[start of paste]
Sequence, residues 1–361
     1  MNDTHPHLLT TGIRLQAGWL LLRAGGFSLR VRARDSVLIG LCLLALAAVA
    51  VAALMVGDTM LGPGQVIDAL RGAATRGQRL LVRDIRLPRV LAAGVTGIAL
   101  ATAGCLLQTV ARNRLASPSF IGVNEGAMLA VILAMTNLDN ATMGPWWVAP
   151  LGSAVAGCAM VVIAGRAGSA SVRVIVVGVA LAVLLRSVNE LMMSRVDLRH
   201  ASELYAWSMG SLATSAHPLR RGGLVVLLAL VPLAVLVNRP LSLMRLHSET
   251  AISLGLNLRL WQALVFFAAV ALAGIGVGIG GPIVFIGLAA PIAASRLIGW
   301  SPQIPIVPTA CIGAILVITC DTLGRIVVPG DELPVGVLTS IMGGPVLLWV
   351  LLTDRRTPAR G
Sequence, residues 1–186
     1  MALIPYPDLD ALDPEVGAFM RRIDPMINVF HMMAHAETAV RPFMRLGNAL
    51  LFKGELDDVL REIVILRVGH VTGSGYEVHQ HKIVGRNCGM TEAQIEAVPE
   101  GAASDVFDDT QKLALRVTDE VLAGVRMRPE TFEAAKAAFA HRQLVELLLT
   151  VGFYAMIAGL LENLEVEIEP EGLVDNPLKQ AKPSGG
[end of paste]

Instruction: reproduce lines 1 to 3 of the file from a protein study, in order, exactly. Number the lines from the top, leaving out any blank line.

Sequence, residues 1–361
     1  MNDTHPHLLT TGIRLQAGWL LLRAGGFSLR VRARDSVLIG LCLLALAAVA
    51  VAALMVGDTM LGPGQVIDAL RGAATRGQRL LVRDIRLPRV LAAGVTGIAL